Well, in the world of scientific pursuit, a theory is simply a comprehensive explanation of observations.

That's really it, in a nutshell.

Outside of the nutshell the purpose of a theory is to explain why one is seeing the behavior they're seeing. Thy sky is blue, rocks fall, and cold air sinks. Why? The explanation of each of these comes from a theory (Rayleigh scattering, gravity, and the kinetic theory of gases, respectively). The actual observed characteristics and behaviors can be determined by calculating the results of the theories' associated "laws" that describe what happens.

The Laws are the formulas, the description of what outputs you'll get given a particular set of inputs. A "law" describes the behavior, while a theory attempts to explain why that law functions the way it does.

And the neat thing about theories is that if you've got a good one--one that explains why you're seeing what you're seeing, and why things are acting the way they're acting--you can then go on and start making predictions about things you haven't yet seen. Some scientists did this for Einstein's Theory of Relativity, predicting that satellites orbiting the earth would get "dragged" forward an extra six feet a year because of the relativistic effect of the earth's rotation on its surrounding space. After making millions of measurements over 11 years they saw that this "dragging" was in fact occurring, and their prediction closely matched the measurements, within 1%.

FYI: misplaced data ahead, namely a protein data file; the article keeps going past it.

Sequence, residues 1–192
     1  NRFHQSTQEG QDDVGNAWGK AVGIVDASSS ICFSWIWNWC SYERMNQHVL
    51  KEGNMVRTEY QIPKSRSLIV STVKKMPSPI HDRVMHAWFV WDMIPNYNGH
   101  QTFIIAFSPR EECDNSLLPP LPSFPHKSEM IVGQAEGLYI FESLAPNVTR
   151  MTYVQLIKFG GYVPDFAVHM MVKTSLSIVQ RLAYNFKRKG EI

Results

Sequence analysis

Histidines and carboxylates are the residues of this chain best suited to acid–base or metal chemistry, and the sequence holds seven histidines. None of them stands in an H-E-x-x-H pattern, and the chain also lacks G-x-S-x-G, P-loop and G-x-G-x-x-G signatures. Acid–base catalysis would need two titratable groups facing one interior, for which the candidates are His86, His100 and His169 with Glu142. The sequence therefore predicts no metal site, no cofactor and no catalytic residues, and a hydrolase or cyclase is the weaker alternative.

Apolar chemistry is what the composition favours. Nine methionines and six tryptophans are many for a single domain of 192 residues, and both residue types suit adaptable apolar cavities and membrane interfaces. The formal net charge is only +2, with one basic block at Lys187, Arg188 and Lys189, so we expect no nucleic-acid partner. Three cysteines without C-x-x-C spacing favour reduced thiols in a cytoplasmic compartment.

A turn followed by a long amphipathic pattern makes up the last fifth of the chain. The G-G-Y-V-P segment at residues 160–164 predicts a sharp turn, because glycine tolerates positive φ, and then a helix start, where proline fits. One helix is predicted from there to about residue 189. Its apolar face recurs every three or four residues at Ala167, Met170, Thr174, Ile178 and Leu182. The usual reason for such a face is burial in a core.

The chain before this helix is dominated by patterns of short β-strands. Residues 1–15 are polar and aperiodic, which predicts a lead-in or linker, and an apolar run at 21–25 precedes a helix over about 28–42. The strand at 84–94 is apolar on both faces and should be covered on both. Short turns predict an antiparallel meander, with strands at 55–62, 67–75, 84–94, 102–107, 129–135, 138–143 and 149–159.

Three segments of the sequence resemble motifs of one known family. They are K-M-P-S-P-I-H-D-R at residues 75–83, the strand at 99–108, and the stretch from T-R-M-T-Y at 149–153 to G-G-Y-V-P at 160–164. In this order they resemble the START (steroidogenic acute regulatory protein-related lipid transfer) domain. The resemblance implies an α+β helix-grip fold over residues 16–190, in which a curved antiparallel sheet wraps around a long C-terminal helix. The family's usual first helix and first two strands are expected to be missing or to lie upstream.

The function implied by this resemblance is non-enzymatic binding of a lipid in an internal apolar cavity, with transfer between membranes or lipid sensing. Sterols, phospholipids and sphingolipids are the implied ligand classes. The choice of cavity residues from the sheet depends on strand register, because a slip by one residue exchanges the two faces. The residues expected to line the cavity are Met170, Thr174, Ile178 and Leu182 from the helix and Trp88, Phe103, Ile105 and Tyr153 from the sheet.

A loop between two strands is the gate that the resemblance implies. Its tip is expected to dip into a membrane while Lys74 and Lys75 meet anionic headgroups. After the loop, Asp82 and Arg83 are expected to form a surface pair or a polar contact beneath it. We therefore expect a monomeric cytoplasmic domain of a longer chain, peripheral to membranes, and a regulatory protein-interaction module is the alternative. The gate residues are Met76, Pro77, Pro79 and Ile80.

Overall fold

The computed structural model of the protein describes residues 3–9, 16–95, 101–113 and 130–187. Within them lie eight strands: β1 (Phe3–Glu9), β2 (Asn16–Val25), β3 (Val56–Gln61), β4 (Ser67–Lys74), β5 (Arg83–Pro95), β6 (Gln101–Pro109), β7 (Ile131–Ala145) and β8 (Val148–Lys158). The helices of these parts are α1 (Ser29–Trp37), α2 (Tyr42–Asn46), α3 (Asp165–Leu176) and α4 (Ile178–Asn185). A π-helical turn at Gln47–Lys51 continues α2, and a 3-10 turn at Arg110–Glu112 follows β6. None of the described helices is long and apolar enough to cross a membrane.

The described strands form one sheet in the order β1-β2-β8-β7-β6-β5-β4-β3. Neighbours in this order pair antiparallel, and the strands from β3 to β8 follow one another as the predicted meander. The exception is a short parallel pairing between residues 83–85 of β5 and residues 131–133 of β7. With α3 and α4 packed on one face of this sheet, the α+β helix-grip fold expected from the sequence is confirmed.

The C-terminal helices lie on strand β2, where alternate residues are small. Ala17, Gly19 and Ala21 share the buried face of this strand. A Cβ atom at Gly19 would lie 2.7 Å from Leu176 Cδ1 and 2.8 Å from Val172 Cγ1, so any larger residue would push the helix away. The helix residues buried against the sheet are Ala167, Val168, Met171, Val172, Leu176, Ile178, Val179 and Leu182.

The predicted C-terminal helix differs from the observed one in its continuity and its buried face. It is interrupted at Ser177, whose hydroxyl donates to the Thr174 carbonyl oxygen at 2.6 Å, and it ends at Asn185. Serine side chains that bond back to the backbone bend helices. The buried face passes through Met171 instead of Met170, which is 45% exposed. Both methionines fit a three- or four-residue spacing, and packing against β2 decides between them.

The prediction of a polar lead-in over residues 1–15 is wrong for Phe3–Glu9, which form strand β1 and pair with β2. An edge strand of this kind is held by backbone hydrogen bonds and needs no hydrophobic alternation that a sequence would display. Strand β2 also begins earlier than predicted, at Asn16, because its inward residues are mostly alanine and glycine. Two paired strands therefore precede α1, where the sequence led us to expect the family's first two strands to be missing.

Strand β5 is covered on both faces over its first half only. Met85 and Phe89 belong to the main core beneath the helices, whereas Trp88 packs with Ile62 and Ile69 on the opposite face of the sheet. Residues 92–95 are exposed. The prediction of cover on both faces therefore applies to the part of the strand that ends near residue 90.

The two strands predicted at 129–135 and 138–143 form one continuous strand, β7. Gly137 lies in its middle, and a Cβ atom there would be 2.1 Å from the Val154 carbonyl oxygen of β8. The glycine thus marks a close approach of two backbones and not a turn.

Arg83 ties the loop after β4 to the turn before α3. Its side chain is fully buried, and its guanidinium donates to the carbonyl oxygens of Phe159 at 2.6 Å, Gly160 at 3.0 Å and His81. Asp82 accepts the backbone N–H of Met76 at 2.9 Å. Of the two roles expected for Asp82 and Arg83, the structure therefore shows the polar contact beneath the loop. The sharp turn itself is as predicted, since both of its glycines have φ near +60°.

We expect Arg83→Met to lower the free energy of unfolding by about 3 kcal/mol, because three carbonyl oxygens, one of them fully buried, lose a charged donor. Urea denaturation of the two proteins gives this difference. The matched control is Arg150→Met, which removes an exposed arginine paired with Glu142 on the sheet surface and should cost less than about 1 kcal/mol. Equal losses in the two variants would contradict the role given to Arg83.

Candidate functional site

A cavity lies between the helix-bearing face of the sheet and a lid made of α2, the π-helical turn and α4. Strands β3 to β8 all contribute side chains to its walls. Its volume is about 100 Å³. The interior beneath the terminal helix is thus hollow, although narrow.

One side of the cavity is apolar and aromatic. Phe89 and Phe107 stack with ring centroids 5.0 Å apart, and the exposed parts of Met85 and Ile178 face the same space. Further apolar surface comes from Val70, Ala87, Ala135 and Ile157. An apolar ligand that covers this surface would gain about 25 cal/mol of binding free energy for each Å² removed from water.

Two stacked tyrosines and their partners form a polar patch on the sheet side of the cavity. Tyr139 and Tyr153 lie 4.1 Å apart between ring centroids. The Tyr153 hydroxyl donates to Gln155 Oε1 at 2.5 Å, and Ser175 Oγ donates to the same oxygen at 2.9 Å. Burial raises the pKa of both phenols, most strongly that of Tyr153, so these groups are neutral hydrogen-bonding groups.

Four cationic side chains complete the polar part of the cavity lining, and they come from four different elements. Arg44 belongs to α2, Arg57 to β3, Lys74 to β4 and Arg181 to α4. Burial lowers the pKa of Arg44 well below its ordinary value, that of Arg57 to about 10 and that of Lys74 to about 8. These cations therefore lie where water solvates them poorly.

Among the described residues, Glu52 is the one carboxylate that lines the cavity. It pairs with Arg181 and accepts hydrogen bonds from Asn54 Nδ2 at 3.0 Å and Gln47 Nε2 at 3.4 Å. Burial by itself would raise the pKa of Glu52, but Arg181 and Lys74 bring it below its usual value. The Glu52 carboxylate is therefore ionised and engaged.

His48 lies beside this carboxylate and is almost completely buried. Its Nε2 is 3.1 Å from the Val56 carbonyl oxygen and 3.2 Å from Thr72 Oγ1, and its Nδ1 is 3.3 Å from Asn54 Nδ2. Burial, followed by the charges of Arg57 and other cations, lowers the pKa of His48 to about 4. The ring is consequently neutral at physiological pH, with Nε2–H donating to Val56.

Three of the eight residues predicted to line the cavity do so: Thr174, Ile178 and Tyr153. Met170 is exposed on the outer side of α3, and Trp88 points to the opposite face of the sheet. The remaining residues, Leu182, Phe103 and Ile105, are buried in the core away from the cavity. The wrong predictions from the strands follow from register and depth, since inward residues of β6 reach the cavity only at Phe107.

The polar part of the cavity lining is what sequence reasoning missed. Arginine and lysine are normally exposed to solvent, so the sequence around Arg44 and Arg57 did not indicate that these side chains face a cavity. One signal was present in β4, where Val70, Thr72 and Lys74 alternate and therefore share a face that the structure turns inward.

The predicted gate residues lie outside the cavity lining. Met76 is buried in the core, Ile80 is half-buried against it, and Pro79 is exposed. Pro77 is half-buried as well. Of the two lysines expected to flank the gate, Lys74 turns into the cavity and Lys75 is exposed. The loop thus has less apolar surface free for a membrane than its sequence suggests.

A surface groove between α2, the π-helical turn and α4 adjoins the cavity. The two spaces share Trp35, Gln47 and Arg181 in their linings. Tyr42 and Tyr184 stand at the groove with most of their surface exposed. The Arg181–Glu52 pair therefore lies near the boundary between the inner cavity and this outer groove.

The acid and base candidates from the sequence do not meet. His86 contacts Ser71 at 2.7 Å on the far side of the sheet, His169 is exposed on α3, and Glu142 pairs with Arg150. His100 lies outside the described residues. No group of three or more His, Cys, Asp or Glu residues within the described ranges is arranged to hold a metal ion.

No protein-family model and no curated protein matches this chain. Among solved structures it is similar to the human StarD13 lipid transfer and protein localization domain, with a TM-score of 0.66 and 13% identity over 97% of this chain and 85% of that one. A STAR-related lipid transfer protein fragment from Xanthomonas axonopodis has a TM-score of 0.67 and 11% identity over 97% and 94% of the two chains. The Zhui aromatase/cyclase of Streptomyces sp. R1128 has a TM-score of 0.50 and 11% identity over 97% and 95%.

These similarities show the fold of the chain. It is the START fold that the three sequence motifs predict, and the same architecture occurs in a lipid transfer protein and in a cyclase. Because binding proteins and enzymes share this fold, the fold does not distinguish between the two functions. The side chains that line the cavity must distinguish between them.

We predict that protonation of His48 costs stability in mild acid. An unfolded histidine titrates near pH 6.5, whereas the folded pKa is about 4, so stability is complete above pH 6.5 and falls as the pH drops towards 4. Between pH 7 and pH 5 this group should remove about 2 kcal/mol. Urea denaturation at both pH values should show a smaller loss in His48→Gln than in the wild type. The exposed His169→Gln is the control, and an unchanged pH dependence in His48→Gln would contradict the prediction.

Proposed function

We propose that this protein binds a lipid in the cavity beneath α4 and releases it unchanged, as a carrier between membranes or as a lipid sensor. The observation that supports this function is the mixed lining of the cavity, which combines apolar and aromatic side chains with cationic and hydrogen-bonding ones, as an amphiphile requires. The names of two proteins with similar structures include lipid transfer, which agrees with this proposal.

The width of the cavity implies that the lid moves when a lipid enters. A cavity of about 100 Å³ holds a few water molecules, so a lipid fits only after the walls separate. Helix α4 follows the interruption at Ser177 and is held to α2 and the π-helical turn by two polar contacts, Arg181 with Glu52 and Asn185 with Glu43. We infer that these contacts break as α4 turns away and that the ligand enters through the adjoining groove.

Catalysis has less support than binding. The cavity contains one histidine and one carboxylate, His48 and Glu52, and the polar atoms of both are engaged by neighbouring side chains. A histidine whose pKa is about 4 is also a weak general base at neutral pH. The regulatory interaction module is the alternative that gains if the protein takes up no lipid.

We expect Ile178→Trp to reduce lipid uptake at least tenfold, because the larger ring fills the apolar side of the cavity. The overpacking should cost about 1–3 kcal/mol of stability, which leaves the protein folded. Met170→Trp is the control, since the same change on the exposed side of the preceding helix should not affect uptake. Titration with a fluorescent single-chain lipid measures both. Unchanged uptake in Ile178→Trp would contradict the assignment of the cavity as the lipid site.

So these are the key notions about the scientific type of theories:
  • They have to logically and coherently explain what's being observed, and why it's acting (or acted) the way it does (did).
  • They have to be able to make predictions that can then be tested.
  • New observations and facts that are discovered and are covered by a theory have to be explainable by that theory.
If a fact contradicts a theory, then the theory is flawed.

Now a theory may not explain everything in its area of concern, but that doesn't necessarily mean it's flawed, only that it's incomplete. And with more research, and more experiments, and more data, and more thinking, those unexplained areas may get filled in over time. This is actually the way science progresses, usually just a little bit at a time as more information is collected, which helps the theories get more and more refined.